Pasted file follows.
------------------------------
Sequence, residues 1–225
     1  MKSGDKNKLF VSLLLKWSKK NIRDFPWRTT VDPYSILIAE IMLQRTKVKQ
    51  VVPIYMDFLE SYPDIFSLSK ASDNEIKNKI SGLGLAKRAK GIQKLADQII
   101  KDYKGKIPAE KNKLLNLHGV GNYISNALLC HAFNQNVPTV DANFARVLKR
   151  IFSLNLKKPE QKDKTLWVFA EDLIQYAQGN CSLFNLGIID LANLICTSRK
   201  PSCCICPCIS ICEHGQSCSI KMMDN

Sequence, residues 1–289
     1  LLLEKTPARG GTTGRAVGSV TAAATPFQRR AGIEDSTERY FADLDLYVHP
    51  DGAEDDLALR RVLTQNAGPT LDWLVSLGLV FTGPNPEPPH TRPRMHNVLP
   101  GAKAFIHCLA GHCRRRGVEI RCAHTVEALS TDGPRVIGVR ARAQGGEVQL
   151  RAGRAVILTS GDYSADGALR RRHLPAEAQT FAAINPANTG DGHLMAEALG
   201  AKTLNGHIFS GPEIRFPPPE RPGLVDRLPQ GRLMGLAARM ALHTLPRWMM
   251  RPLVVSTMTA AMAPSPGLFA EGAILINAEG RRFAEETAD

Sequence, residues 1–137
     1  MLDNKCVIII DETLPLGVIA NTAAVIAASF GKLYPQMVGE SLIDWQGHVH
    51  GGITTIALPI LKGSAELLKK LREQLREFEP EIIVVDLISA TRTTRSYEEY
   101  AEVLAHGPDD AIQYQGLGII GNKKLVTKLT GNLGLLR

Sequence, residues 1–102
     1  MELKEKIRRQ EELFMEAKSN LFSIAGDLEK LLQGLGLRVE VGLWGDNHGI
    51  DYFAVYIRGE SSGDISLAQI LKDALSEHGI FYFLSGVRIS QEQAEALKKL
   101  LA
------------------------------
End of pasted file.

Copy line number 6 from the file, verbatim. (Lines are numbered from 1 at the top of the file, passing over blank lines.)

   201  PSCCICPCIS ICEHGQSCSI KMMDN